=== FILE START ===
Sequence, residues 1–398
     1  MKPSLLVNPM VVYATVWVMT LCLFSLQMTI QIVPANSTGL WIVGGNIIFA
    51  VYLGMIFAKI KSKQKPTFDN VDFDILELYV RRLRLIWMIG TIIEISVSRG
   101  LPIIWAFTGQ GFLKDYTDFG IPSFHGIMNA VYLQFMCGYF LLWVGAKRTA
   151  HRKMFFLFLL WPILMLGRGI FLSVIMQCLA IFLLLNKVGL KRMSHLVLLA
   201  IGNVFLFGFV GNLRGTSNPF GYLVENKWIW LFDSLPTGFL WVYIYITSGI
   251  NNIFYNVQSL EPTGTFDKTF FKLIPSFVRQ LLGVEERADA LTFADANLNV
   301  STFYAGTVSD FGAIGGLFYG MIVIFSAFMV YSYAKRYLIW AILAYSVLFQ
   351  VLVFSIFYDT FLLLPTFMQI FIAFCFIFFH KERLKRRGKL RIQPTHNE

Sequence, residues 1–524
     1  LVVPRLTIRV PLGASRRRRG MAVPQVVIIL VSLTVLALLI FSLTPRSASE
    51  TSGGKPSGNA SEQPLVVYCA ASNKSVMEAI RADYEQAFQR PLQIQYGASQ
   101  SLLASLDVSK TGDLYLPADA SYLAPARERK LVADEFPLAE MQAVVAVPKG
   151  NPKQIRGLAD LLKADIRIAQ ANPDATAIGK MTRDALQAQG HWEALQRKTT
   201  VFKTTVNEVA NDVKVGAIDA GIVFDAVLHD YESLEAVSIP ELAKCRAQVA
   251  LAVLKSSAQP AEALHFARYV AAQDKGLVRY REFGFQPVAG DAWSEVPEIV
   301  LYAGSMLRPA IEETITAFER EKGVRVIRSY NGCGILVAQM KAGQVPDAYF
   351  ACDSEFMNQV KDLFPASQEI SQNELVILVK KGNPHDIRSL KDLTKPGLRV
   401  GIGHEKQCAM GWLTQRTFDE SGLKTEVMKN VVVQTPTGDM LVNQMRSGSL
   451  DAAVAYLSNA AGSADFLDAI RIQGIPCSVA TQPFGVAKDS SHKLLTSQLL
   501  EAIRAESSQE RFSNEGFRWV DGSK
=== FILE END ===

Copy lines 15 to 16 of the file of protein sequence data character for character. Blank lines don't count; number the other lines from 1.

   201  VFKTTVNEVA NDVKVGAIDA GIVFDAVLHD YESLEAVSIP ELAKCRAQVA
   251  LAVLKSSAQP AEALHFARYV AAQDKGLVRY REFGFQPVAG DAWSEVPEIV